GL and PL - How to detect them

Basically, GL or PL is a visual diagnosis, but the patient must be examined unclothed. However, in addition to the unusual appearance there are also other conspicuous clinical symptoms. These can essentially be traced back to leptin deficiency and ectopic fat storage. GL and PL are heterogenous in appearance – but they are always linked to a lack of subcutaneous body fat1.

Overview of clinical findings for GL and PL2

 

Congenital GL

Acquired GL

Familial PL

Acquired PL

Time of manifestation

Infancy to early childhood

Childhood to adult age

Childhood to adult age

Childhood to adult age

Fat loss locations

Face and neck

Chest/trunk

Upper extremities

Lower extremities

Intra-abdominal

Fat accumulation/sparing

Face and neck

Hips and buttocks

Lower extremities

Intra-abdominal

Other signs

Accelerated linear growth

Acromegaloid features

Umbilical prominence

Panniculitis

Hepatomegaly

Splenomegaly

Acanthosis nigricans

Hirsutism

Hyperphagia

Hypergonadism

Hyperandrogenism in women

Essential finding

supportive finding

Serum leptin levels are typically very low in patients with congenital GL.1
However, serum leptin levels alone are not a sufficient parameter for diagnosis. They vary according to the time of day and depend on sex, age, BMI and metabolic state. So far, no accepted normal value ranges have been established.1,3

How lipodystrophy may present

Metabolic abnormalities 1

Hyperphagia

Hypertriglyceridaemia

Severe resistance to insulin and diabetes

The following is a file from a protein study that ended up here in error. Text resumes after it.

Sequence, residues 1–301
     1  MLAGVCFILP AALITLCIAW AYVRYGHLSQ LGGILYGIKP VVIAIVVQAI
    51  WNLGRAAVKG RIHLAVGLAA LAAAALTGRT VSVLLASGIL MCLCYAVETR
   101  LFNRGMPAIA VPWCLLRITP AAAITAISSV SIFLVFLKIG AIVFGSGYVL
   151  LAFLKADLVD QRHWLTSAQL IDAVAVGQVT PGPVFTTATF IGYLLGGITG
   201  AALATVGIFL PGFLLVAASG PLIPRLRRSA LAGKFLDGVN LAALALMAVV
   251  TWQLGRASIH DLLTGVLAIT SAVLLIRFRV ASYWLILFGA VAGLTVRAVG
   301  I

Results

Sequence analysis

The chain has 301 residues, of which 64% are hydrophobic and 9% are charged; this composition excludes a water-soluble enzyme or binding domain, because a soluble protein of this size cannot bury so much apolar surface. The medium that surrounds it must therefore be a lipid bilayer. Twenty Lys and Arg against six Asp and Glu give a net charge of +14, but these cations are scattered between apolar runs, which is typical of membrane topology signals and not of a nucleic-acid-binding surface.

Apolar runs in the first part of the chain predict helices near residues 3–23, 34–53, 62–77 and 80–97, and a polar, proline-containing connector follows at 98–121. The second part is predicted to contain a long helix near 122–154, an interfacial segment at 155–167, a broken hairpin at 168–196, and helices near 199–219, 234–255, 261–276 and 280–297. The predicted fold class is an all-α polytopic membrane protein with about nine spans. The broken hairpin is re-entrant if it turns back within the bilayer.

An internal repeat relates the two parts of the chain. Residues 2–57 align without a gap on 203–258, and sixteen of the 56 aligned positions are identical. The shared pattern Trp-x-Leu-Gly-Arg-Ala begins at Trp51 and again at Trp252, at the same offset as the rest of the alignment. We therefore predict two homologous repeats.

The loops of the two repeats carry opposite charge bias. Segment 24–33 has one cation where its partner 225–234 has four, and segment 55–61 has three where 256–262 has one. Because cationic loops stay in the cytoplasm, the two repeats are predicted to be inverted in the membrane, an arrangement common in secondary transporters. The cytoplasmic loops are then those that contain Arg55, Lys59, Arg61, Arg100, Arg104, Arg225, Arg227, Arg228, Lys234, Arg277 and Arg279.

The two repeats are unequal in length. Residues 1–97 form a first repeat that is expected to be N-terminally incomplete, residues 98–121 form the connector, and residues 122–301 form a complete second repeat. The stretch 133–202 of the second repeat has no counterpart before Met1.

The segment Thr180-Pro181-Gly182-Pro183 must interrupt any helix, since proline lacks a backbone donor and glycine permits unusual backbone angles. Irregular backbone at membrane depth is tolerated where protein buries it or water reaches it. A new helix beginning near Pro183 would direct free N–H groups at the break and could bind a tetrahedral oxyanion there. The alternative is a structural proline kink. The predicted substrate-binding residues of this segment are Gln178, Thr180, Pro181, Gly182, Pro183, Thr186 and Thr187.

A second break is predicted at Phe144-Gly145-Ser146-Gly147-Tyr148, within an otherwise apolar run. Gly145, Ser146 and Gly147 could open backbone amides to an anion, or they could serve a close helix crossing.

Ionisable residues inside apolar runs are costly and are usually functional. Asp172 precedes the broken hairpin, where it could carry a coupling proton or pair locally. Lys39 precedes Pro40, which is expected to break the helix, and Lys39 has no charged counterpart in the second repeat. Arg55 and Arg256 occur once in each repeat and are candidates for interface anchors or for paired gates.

»I am not an athlete,
I don‘t work out,
I live with GL«

Dwanna, congenital GL


            Woman with congenital generalised lipodystrophy, very athletic appearance.

Secondary diseases1,2,4

Cardiovascular diseases and heart failure

Hepatic steatosis, liver cirrhosis, liver failure

Acute pancreatitis

Kidney diseases,
kidney failure

Do you have a patient with this symptom complex? Or one with aspects such as:

Hypertriglyceridaemia and hyperglycaemia that are difficult to stabilise but have no further abnormalities?2

Patients with anamnestic panniculitis or juvenile dermatomyositis?5

A conspicuously thin patient with hyperphagia?1

Subcutaneous fat deficiency at birth or loss of fat shortly afterwards?1

Diagnosis of Type 1 diabetes, but pronounced insulin resistance?1,2

Hepatomegaly with no recognisable cause?1,2

Patients suspected with GL or PL may be best managed in a centre that specialises in this rare disease.

1 Brown et al., The Diagnosis and Management of Lipodystrophy Syndromes: A Multi-Society Practice Guideline. J Clin Endocrinol Metab. 2016; 101: 4500 – 4511.

2 Handelsman Y, Oral EA, Bloomgarden ZT, et al. The clinical approach to the detection of lipodystrophy – An AACE Consensus Statement. Endocr Pract 2013;19:107–116.

3 Alkhzouz C, Lazea C, Nascu I, et al. Correlation between body mass index, body fat proportion and leptin level in obese children. Jurnalul Pediatrului 2015;18;Supp. 3.

4 Chan JL, Oral EA. Clinical classification and treatment of congenital and acquired lipodystrophy. Endocr Pract. 2010;16(2):310-323. doi:10.4158/EP09154.RA.

5 Misra A, Garg A. Clinical features and metabolic derangements in acquired generalized lipodystrophy: case reports and review of the literature. Medicine (Baltimore) 2003;82:129-46.